The novel The Moment Between the Past and the Future (Russian title––Svoi chelovek, 1990), translated into English by Catherine Porter, portrays the end of Leonid Brezhnev’s stagnation era, which preceded Gorbachev’s perestroika. It is also a story of a successful playwright, Usvatov, who leads a pampered life of the Soviet cultural elite. By becoming part of the corrupt apparatus of power, Usvatov has betrayed the values of his idealistic generation.

During Mikhail Gorbachev’s reforms, Baklanov attained prominence as the editor of Znamya literary magazine.[5] Under his editorship, the magazine’s circulation rose to 1 million copies. It published a number of previously suppressed works, such as Mikhail Bulgakov’s novella Heart of a Dog, Alexander Tvardovsky’s poem By Right of Memory, Vasily Grossman’s travel account An Armenian Sketchbook, Georgi Vladimov’s novel Faithful Ruslan, etc. Baklanov edited Znamya from 1986 to 1993.

In July 1988, during Gorbachev’s 19th Party Conference, Baklanov addressed an audience of 5,000 delegates, predominantly Party and Soviet functionaries, whom he urged not to obstruct freedom of the press: “The one, who struggles today against glasnost, is only struggling to become enslaved.” The conference took place during the withdrawal of Soviet troops from Afghanistan. Baklanov referred to this war as a “political adventure” (it was then officially described as a Soviet international mission) and demanded to call those responsible to account. Baklanov’s speech was broadcast on national TV, which is why he received a flood of response. Notably, supportive letters came from Afghan War veterans. One of the letters contained 1,418 signatures, the number of days World War II was fought on the Eastern Front (from June 22, 1941 till May 9, 1945).[6]

In 1994, Baklanov appealed to President Boris Yeltsin in an article in Izvestia, urging him to use diplomacy to prevent Russia’s war with Chechnya.[7]

From 1989 to 2001, Baklanov helped oversee programs of George Soros’ Foundation in Moscow ("Cultural Initiative" and "Open Society"), which funded education, culture, and science in post-Soviet Russia.

In 1993, Baklanov signed the Letter of Forty-Two, an appeal by prominent intellectuals to President Yeltsin and the Russian government whom they urged to ban propaganda of ultra-nationalism and racism. This was in response to the events of October 1993.[8]

In 1997, Baklanov was awarded the State Prize of the Russian Federation for his novella I togda prikhodyat marodyory (And then come the pillagers). The novella depicts Russia’s lawlessness and corruption of the 1990s as an outcome of Stalinism, which had never been uprooted in the country. The novella ends symbolically: a gang of Russian neo-fascists attacks and kills the main protagonist, a veteran of World War II.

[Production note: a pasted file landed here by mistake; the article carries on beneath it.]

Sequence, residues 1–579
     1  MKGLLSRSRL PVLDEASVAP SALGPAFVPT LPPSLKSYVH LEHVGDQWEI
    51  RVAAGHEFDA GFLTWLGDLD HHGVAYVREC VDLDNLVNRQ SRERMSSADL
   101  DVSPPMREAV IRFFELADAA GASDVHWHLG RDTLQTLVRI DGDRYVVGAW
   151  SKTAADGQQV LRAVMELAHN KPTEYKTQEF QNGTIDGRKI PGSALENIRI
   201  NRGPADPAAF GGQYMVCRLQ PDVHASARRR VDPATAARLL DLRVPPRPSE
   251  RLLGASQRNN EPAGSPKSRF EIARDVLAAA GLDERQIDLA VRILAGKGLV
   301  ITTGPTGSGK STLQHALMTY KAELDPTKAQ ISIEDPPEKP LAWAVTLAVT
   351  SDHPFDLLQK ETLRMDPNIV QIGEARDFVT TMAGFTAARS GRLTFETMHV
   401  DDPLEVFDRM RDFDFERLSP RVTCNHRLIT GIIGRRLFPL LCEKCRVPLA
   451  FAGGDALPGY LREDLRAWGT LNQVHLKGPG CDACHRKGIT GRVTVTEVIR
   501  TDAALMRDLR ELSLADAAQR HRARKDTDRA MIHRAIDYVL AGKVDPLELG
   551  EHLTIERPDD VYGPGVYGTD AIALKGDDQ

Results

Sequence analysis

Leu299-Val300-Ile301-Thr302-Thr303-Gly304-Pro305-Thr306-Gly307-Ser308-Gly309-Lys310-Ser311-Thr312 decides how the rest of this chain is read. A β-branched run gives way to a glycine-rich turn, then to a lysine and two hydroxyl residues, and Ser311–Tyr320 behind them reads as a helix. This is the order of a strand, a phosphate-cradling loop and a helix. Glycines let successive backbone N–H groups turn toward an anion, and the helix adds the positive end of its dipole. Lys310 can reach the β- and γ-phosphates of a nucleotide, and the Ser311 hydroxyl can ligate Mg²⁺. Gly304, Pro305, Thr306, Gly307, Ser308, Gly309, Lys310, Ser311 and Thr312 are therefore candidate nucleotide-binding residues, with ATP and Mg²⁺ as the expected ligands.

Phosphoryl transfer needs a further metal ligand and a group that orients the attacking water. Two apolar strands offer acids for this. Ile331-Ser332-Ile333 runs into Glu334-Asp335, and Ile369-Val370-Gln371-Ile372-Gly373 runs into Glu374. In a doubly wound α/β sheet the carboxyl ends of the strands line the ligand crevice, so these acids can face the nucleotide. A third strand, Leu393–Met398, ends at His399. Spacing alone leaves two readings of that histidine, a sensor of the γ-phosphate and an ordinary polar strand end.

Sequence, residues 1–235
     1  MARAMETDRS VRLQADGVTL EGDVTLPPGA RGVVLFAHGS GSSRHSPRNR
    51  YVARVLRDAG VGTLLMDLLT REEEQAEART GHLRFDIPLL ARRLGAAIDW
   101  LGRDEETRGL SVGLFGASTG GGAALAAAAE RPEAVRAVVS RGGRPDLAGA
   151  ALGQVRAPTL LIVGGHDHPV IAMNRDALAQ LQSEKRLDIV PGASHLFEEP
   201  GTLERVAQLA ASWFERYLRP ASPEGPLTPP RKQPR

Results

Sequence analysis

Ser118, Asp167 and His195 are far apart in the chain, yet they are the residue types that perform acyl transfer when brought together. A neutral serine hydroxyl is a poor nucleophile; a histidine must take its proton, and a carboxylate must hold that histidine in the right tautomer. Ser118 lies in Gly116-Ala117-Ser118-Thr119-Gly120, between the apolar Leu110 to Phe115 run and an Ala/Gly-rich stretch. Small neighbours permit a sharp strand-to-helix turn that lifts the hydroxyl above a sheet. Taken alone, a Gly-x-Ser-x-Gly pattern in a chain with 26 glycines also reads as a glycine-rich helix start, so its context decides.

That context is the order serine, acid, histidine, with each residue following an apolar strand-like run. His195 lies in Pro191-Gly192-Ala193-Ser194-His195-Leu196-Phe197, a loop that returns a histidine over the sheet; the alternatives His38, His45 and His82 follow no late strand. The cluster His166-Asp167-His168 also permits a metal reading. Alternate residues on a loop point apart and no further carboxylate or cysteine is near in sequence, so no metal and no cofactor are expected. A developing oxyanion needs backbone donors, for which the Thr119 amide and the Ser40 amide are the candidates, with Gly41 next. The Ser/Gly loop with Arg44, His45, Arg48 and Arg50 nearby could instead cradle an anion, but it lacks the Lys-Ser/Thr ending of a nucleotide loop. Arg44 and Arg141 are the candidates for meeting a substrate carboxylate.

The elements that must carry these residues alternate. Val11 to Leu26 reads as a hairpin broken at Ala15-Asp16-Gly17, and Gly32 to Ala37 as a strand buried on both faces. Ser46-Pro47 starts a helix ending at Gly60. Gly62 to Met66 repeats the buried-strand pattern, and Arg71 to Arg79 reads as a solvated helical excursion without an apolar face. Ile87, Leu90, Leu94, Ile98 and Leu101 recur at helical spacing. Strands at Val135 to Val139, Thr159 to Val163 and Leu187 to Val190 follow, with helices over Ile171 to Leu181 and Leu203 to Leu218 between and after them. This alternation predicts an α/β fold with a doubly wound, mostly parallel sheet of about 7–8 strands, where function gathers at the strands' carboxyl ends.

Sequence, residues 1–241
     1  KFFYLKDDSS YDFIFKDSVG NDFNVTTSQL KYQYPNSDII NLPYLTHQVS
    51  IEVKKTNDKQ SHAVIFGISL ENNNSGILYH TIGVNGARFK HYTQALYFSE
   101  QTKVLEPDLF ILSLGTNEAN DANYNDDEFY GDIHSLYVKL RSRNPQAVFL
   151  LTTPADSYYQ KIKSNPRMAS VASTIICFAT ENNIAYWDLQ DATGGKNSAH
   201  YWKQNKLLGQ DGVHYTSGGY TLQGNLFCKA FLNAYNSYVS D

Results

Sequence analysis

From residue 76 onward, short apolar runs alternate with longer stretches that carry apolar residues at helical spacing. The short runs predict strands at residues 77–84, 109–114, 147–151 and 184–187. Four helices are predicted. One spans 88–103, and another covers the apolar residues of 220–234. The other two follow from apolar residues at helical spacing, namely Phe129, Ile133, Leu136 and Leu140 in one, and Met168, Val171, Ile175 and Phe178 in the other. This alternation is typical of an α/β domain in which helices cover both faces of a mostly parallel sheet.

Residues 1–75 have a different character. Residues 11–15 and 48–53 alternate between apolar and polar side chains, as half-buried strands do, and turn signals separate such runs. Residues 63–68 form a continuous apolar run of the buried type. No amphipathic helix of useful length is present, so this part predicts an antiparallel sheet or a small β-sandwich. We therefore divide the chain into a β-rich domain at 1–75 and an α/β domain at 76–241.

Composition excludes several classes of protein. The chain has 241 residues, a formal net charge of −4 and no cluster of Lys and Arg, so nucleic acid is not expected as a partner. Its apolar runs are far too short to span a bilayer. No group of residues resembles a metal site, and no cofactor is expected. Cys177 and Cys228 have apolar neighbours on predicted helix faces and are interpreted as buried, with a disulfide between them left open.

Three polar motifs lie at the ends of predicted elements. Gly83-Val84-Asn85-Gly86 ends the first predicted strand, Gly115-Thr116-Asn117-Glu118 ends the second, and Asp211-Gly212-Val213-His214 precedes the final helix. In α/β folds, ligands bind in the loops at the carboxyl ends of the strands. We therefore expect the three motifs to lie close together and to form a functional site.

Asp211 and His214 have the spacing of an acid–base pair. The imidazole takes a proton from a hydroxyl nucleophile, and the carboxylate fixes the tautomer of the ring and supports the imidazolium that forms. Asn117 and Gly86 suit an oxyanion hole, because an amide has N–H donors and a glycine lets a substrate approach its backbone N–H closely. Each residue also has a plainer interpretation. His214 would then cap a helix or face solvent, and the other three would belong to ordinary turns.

In October 2008, one year before he died, the writer said in an interview for the TV channel Kultura: “Of all the human deeds I know (I have neither experienced a ghetto or a concentration camp), war is the most terrible and inhumane deed.”

Baklanov died in Moscow on December 23, 2009, at age 86.

English Translations

  • The Foothold, London: Chapman and Hall, 1962.
  • South of the Main Offensive, London: Chapman and Hall, 1963.
  • Forever Nineteen, New York: J.B. Lippincott, 1989.
  • The Moment Between the Past and the Future, London & Boston: Faber and Faber, 1994.

Honours and awards

Baklanov was an Academician of the Russian Academy of Arts (since 1995), a member of the Presidential Council for Culture and Art (1996––2001), and a council member of Memorial, Russia’s historical and civil rights society, founded in 1989 to commemorate victims of Stalin’s repressions.


  1. Russian author Grigory Baklanov dies, CBC News, December 23, 2009.
  2. Russian writer Grigory Baklanov dies, Vesti, December 23, 2009.
  3. 3.0 3.1 Grigory Baklanov, Sobranie sochinenij v pyati tomah, Moscow, 2003. Vol. 5, Ot avtora.
  4. [1]
  5. [2]
  6. [3] Zhizn, podarennaya dvazhdy
  7. [4]
  8. Писатели требуют от правительства решительных действий. Izvestia (in русский). 5 October 1993. Retrieved 21 August 2011.<templatestyles src="Module:Citation/CS1/styles.css"></templatestyles>